A leaked email reveals NZRU staff have been ordered not to comment on what Hansen has said. “While many of the things Sir Steve has said are unfair and hurtful to many, we do not think entering into a media debate with him is the right thing to do," read the memo.
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However, the players have responded to the glut of criticism heading the team's way and hit back at some of it.
Star scrum-half Aaron Smith said: "It’s up to us in the next two weeks to put a bit of pride back in the jersey for ourselves but also for the people who have been under the squeeze the most.
“I’ve got a lot of love for Fozzie [Foster] - you always feel for the men in the room. You know they care, and to see a lot of the bad stuff around him and Sam Cane, it’s hurtful and it’s actually gone… it’s ridiculous how ruthless it’s actually been. I feel for them as men."
Asked if he felt the criticism had gone too far, Smith replied: “I think we can all admit that."
Saying the players would use the criticism as a spur against South Africa, Smith continued: "I think there's obviously natural edge the last two weeks from what our team’s been through and what some of our people have been through."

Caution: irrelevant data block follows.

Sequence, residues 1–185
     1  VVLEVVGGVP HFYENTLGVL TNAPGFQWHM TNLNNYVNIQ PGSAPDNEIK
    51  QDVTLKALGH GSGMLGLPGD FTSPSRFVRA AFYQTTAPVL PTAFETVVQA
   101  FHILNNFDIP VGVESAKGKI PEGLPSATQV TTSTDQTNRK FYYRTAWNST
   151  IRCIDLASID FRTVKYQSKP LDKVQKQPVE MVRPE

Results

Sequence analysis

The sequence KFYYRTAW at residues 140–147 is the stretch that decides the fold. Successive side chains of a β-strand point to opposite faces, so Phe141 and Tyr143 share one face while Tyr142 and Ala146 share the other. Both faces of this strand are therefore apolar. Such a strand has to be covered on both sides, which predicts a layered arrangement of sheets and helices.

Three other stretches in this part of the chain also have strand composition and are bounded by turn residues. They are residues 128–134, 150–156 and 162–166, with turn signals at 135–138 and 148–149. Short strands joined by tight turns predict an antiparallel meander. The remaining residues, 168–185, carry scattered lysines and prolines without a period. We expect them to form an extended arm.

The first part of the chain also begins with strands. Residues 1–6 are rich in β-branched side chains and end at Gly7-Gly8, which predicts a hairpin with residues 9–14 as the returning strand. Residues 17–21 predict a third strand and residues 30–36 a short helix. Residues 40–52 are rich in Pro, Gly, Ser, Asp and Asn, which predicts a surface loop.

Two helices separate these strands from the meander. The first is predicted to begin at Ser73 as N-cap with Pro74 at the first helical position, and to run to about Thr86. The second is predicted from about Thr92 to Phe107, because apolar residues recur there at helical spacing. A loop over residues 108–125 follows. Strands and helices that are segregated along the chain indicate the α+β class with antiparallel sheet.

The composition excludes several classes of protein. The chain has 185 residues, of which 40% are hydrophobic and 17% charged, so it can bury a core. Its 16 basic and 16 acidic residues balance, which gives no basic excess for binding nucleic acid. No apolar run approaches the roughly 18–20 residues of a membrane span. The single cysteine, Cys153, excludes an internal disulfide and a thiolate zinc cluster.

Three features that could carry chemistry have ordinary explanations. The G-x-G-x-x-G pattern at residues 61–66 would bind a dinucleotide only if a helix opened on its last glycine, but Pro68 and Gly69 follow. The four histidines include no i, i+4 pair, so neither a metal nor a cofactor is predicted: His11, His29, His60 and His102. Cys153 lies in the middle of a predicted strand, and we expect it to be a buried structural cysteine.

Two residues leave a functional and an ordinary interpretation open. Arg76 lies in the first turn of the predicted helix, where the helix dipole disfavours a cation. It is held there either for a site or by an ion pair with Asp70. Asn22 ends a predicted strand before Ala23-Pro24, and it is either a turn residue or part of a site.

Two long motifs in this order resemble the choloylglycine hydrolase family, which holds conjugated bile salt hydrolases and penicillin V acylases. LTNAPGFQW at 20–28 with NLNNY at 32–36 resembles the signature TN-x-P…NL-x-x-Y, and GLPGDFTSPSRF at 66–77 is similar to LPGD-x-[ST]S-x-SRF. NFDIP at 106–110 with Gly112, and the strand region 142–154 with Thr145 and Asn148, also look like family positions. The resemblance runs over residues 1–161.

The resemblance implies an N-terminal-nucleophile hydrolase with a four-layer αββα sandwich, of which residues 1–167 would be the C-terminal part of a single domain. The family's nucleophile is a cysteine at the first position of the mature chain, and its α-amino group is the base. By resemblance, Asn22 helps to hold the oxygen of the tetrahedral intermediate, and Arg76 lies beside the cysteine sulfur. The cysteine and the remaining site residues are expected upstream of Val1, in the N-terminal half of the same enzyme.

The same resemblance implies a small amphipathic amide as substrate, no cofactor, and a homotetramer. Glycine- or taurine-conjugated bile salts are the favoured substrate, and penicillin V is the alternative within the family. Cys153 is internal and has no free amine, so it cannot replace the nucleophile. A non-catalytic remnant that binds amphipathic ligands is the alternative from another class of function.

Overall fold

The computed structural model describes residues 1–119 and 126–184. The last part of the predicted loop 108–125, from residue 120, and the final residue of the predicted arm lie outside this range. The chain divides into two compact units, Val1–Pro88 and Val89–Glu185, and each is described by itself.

Barrett has his say too
Smith's half-back partner Beauden Barrett admits he has been "hiding under a rock for a good week or so" mid the welter of criticism, but has broken his own silence.
The brilliant No.10 said of Foster: "He's a strong man but also not afraid to speak out and to share with us how much it hurt last week, what he went through and so on.
"It hurt us a lot as well seeing our coach, our leader and us, as players, what we went through. With Brad (Mooar) and Plum (Plumtree) having to move on as well, it hurts.
"We need to come together strongly, tightly and embrace this trip that we're about to get into."